Anyone with information about this crash is asked to contact the Crash Reconstruction Unit at 703-280-0543. Tips can also be submitted anonymously through Crime Solvers by phone -1-866-411-TIPS (866-411-8477). It is the sixth pedestrian fatality in the county in 2022. This time last year there were three.
Kick off the riding season with the Virginia Rider Training Program
Open roads and adrenaline-pumping adventure is what motorcycling is all about, but when it comes to your safety, are you riding smart?
No matter how long you’ve been riding, keeping your skills up to date is essential. The Virginia Department of Motor Vehicles (DMV) offers training for motorcyclists of all skill levels through the Virginia Rider Training Program.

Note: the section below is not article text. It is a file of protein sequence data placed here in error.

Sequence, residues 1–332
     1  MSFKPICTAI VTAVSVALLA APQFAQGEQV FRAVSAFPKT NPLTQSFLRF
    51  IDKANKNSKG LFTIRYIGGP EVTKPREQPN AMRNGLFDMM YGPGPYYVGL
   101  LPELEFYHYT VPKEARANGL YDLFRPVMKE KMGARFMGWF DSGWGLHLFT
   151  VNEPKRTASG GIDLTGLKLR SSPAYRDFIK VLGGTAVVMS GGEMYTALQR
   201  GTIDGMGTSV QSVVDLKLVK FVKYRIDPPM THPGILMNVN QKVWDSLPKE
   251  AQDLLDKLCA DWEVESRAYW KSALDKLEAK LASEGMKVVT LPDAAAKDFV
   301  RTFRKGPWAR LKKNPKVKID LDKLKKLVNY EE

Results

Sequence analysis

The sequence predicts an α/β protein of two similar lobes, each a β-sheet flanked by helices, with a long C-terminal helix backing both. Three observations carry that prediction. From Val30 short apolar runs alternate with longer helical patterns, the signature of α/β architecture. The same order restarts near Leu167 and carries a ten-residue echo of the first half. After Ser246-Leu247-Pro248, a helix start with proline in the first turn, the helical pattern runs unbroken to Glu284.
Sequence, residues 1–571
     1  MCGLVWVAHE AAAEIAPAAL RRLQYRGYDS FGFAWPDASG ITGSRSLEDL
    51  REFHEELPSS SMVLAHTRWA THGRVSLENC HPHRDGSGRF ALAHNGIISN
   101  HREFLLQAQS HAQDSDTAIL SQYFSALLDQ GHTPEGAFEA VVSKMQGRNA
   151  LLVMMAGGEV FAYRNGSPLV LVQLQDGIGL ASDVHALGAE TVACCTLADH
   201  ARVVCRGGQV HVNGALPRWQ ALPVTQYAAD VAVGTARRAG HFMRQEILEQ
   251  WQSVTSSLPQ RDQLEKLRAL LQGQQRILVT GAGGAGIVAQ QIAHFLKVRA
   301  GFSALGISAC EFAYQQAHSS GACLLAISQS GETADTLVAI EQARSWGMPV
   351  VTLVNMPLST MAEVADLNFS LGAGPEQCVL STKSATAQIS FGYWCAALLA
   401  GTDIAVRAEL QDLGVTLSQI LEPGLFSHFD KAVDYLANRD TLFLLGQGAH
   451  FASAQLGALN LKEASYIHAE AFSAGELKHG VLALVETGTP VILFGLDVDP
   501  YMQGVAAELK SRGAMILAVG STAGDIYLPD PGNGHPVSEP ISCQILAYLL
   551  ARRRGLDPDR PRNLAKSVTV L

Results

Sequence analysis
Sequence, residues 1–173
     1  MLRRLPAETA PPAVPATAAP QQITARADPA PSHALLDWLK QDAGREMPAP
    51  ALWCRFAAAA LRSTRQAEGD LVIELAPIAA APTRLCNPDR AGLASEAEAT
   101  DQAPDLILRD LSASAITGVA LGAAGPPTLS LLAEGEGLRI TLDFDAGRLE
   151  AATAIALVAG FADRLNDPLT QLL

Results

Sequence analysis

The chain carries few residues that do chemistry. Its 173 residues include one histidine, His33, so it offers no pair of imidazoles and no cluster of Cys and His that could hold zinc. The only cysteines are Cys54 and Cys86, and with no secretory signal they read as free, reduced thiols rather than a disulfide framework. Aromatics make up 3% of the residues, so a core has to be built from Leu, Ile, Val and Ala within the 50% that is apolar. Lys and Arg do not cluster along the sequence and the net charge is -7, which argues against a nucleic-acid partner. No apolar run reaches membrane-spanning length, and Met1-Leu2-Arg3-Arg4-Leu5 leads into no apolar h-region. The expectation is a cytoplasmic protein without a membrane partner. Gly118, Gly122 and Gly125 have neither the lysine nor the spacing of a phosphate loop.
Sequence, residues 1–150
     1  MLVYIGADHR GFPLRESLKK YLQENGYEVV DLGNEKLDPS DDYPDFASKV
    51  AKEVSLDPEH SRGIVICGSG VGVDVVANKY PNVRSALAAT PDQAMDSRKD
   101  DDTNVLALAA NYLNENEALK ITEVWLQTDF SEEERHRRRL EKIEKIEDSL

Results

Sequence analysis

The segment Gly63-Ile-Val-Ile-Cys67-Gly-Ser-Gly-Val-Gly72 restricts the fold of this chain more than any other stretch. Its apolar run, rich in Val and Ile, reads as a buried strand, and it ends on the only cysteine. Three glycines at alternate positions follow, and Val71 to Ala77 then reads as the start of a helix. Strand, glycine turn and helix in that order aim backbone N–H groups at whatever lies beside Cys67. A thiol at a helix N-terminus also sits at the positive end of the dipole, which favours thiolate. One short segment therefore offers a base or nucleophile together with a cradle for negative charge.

Classes are taught by certified motorcycle safety instructors and provide the opportunity to learn new techniques and practice skills in a controlled and safe environment. Classes are offered at community colleges and other locations across the state.
Not only can taking a motorcycle safety course help you prepare for your motorcycle approval, it can also save your life. Last year in Virginia, there were 2,048 accidents involving motorcycles resulting in 102 motorcyclist fatalities and 1,682 motorcyclist injuries, of which 737 were serious injuries. From 2014 to 2020, more than 75% of motorcyclists killed in crashes in Virginia did not have the proper license. As failure to maintain control of a motorcycle is one of the main causes of accidents, motorcyclists are urged to always obey the posted speed limit.